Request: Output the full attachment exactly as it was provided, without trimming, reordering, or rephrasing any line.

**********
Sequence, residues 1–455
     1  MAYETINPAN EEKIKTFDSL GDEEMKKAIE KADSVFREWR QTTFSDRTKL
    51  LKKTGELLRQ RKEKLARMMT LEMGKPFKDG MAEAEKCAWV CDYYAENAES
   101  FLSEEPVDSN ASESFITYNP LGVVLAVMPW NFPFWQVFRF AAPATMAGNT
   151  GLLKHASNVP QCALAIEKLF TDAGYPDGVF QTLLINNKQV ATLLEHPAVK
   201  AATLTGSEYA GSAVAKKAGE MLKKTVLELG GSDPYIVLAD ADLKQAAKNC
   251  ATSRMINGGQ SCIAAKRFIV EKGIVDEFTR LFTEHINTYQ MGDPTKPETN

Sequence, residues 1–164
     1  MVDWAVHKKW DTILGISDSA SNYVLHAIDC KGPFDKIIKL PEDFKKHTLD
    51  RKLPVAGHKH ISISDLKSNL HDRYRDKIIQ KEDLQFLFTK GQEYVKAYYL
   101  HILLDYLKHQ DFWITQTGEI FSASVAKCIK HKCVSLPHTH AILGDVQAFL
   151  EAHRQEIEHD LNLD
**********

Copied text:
Sequence, residues 1–455
     1  MAYETINPAN EEKIKTFDSL GDEEMKKAIE KADSVFREWR QTTFSDRTKL
    51  LKKTGELLRQ RKEKLARMMT LEMGKPFKDG MAEAEKCAWV CDYYAENAES
   101  FLSEEPVDSN ASESFITYNP LGVVLAVMPW NFPFWQVFRF AAPATMAGNT
   151  GLLKHASNVP QCALAIEKLF TDAGYPDGVF QTLLINNKQV ATLLEHPAVK
   201  AATLTGSEYA GSAVAKKAGE MLKKTVLELG GSDPYIVLAD ADLKQAAKNC
   251  ATSRMINGGQ SCIAAKRFIV EKGIVDEFTR LFTEHINTYQ MGDPTKPETN

Sequence, residues 1–164
     1  MVDWAVHKKW DTILGISDSA SNYVLHAIDC KGPFDKIIKL PEDFKKHTLD
    51  RKLPVAGHKH ISISDLKSNL HDRYRDKIIQ KEDLQFLFTK GQEYVKAYYL
   101  HILLDYLKHQ DFWITQTGEI FSASVAKCIK HKCVSLPHTH AILGDVQAFL
   151  EAHRQEIEHD LNLD